Dear Academy of Television Arts & Sciences members,
I noticed that you've received your Emmy ballot and that, over the next few weeks, you'll be charged with selecting the nominees for this year's Primetime Emmy Awards. First off, let me say that I've looked at the ballot and I owe you all an apology. I'm always ranting and raving about how you nominate the same people year after year and omit a lot of worthy candidates. But now that I've seen the ballot, I see the difficult job you face. Nearly every actor and show on TV is eligible for nomination. I mean, you could nominate pretty much the entire cast of "Rules of Engagement" if you wanted to (by the way, thanks for never doing that). With so much information, I can see how you'd get overwhelmed.
So, I thought I'd help you out.
Below is a list of worthy candidates in each category. Most would be first-time nominees and all have done excellent, award-worthy work. All I ask is that you take a look and at least CONSIDER nominating them. OK? Let's get started.
Outstanding Lead Actor in a Comedy Series: Until a few months ago, I barely knew who Danny McBride was. I was aware he was a protegee of Will Farrell, and that he'd made a well-received low-budget movie called "The Foot Fist Way" (which I'd never seen), but that was about it. Then HBO debuted the new comedy "Eastbound and Down," on which McBride played angry, foul-mouthed ex-pitcher Kenny Powers. Though it took me a few episodes to figure it out, I eventually realized that McBride is the real deal. Funny, fearless and a good actor, McBride is a talent worth watching...and worth nominating.
Outstanding Lead Actor in a Drama Series: Let's be honest -- this is a category that rewards flash. Yes, Hugh Laurie, James Gandolfini, Bryan Cranston and other past nominees and winners are talented. But I imagine most actors could do good things with complicated, juicy characters like Dr. House, Tony Soprano and Walter White. It's much harder to be memorable when playing the calm, reasonable center of a series. And that's just what Kyle Chandler does every week on "Friday Night Lights." With just a twitch of his jaw, or a cloud of thought floating over his eyes, Chandler reaches deep into the soul of high school football coach Eric Taylor. It's a rich, lived-in performance and it's crazy that, three seasons into this show, Chandler has yet to score a nomination.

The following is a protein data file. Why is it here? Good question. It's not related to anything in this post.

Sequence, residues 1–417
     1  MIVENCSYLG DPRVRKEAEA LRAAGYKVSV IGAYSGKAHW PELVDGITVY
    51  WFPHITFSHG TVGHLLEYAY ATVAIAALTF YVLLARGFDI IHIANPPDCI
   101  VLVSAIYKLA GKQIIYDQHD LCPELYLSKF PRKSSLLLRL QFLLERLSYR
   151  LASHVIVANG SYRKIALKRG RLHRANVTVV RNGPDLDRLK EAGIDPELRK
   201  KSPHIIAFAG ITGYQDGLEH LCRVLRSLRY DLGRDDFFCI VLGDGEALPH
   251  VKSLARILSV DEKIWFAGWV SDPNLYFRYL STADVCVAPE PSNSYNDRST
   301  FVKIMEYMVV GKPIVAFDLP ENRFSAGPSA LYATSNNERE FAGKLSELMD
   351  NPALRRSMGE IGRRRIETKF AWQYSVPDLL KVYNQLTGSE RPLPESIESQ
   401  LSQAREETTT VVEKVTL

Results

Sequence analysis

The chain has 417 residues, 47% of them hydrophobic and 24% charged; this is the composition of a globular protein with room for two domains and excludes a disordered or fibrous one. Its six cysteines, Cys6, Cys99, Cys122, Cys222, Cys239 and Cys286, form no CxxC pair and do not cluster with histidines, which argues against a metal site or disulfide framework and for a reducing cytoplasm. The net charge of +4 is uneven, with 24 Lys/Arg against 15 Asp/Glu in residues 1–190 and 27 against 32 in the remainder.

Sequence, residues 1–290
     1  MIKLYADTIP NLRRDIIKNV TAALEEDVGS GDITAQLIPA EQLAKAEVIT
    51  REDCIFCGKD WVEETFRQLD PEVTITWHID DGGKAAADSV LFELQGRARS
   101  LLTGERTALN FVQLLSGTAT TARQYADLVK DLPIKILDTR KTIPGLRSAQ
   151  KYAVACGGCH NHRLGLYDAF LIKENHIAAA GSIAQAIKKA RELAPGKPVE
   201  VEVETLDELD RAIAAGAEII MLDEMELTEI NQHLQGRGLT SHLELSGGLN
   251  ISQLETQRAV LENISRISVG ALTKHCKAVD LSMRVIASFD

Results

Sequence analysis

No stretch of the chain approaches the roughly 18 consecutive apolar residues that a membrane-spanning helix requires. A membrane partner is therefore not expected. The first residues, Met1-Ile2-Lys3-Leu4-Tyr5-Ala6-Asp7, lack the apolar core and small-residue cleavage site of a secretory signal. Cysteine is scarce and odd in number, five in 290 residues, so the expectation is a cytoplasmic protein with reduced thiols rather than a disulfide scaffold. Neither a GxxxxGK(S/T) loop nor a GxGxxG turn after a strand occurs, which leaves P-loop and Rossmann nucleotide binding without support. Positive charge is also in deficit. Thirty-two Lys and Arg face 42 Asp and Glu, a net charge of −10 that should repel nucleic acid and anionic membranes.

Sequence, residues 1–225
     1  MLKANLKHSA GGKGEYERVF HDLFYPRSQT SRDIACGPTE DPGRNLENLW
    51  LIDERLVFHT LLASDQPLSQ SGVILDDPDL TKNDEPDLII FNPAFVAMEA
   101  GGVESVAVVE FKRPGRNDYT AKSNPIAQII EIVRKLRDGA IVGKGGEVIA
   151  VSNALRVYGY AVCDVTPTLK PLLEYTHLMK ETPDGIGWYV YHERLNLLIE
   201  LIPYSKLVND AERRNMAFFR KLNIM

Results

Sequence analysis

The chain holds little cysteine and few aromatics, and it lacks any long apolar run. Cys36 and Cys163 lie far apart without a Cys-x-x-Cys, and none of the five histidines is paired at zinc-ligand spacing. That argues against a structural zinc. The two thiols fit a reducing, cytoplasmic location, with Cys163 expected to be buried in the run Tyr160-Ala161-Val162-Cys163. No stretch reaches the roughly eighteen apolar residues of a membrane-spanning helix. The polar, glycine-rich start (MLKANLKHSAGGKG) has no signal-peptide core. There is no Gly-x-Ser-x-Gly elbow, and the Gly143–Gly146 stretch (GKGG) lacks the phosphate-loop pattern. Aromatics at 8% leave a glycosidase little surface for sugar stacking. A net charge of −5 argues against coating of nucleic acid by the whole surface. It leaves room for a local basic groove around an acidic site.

Also worth nominating: Jeffrey Donovan, who, in the most recent season of "Burn Notice," found some rich emotional layers in slick ex-spy Michael Westen.
Outstanding Lead Actress in a Comedy Series: I only saw half of the first season of Showtime's new sitcom "The United States of Tara," but I did like Toni Collette's warm, brave, funny performance as a mom juggling work, family and multiple personalities.
Outstanding Lead Actress in a Drama Series: OK, I won't waste much time pushing this one, because I know there's almost zero chance this will ever happen, but I must say that Leighton Meester is a revelation as Blair Waldorf on "Gossip Girl." Don't laugh! She's funny, vulnerable and gives unexpected depth to this pampered princess. The show lives or dies on Meester, and that's what makes her Emmy-worthy. OK, speech over. Let's discuss some other worthy candidates for this category. Regina King is in her first season over on NBC's promising cop drama "Southland," and she's already created a three-dimensional character out of tough but sensitive police Detective Lydia Adams. Plus, she's always been one of my favorite actresses (it's hard to steal a scene from Tom Cruise, Renee Zelleweger and Cuba Gooding, Jr., but she did just that in "Jerry Maguire"). And, no discussion of this category would be complete without a healthy push for Elisabeth Moss, who is nothing short of spectacular as Peggy Olson on "Mad Men." I wish that character was my best friend, that's how vibrant and convincing Moss is.